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Working smoke alarms in the home provide life-saving potential from fire. That’s a fact we all know well, and it’s one that’s been strongly promoted over the years.

But how often do we educate the public about where smoke alarms should be located in the home? More pointedly, how often are we promoting the importance of having a working smoke alarm in each bedroom?

Not often enough, according to an informal, online quiz we posted last year, which showed that less than half (42 percent) of approximately 36,000 respondents did not know that a smoke alarm should be installed in each bedroom of the home.

In an effort to better educate the public about this “sleepy” smoke alarm requirement, NFPA – the official sponsor of Fire Prevention Week for more than 90 years – announced “Hear the Beep Where You Sleep: Every Bedroom Needs a Working Smoke Alarm” as the theme for this year’s Fire Prevention Week campaign, October 4-10, 2015. NFPA 72, National Fire Alarm Code®, requires a smoke alarm in every bedroom, outside each sleeping area and on every level of the home.

Half of all U.S. home fire deaths occur at night between the hours of 11:00pm and 7:00am, when people are most likely to be sleeping. Having a working smoke alarm in the home cuts the risk of dying in a fire in half. These facts underscore the extreme importance of having working smoke alarms in all bedrooms.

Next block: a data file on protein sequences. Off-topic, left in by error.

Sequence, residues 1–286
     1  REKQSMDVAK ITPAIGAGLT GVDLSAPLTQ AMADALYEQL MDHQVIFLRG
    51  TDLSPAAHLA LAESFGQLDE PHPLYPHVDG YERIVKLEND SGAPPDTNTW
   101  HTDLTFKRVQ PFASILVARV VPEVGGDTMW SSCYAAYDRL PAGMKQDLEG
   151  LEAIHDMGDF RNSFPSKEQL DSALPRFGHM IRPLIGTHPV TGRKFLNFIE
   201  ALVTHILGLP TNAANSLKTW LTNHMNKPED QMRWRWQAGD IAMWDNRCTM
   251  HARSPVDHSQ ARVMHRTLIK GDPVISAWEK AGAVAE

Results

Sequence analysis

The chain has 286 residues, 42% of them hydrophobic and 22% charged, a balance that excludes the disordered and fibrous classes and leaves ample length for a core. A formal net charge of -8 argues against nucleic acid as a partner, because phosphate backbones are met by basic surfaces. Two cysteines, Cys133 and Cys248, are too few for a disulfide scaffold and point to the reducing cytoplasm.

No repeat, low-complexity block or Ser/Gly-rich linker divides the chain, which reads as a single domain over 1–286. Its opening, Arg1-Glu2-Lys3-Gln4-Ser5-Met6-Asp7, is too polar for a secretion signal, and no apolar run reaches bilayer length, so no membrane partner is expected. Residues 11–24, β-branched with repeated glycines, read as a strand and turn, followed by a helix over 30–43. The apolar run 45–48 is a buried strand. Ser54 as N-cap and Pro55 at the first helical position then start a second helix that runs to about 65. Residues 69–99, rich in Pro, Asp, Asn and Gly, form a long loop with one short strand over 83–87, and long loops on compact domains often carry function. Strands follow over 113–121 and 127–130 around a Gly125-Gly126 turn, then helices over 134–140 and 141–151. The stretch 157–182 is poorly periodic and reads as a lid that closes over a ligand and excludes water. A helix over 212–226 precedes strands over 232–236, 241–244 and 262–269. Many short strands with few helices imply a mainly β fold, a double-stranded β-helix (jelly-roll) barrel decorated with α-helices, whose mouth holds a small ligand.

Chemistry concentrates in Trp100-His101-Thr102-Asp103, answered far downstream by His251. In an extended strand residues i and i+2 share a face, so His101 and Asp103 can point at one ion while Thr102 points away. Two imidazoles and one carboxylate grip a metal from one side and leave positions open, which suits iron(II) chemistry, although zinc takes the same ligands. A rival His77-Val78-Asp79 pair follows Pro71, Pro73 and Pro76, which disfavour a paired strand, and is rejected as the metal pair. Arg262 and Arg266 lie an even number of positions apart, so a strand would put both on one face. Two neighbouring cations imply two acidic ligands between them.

NFPA will be teaming up with its Fire Prevention Week partners – USFA, Domino’s, The Home Depot, CVS Health, LEGOLAND® Florida and LEGOLAND® California to promote “Hear the Beep Where You Sleep: Every Bedroom Needs a Working Smoke Alarm” through a series of fun, engaging events and activities this fall. For more information about smoke alarms and this year’s Fire Prevention Week campaign, visit www.firepreventionweek.org.

 


 


 

NFPA has produced an American Sign Language video for Fire Prevention Week (FPW) 2015. In the video, which includes a voice-over and open captioning, the public is reminded about the importance of having working smoke alarms in every bedroom, outside each sleeping area, and on every level of the home, including the basement.


 

Information is provided on smoke alarms and alert devices for people who are deaf or hard of hearing. The video is one of many tools the fire service can use for FPW campaigns, other fire safety presentations, and reaching those at high riskfor fire deaths and injuries. The video also appeals to a general audience.


!http://i.zemanta.com/345281519_80_80.jpg|src=http://i.zemanta.com/345281519_80_80.jpg|alt=|style=margin: 0px; padding: 0px; border: 0px currentColor; width: 80px; display: block; max-width: 100%;!NFPA announces theme for Fire Prevention Week 2015

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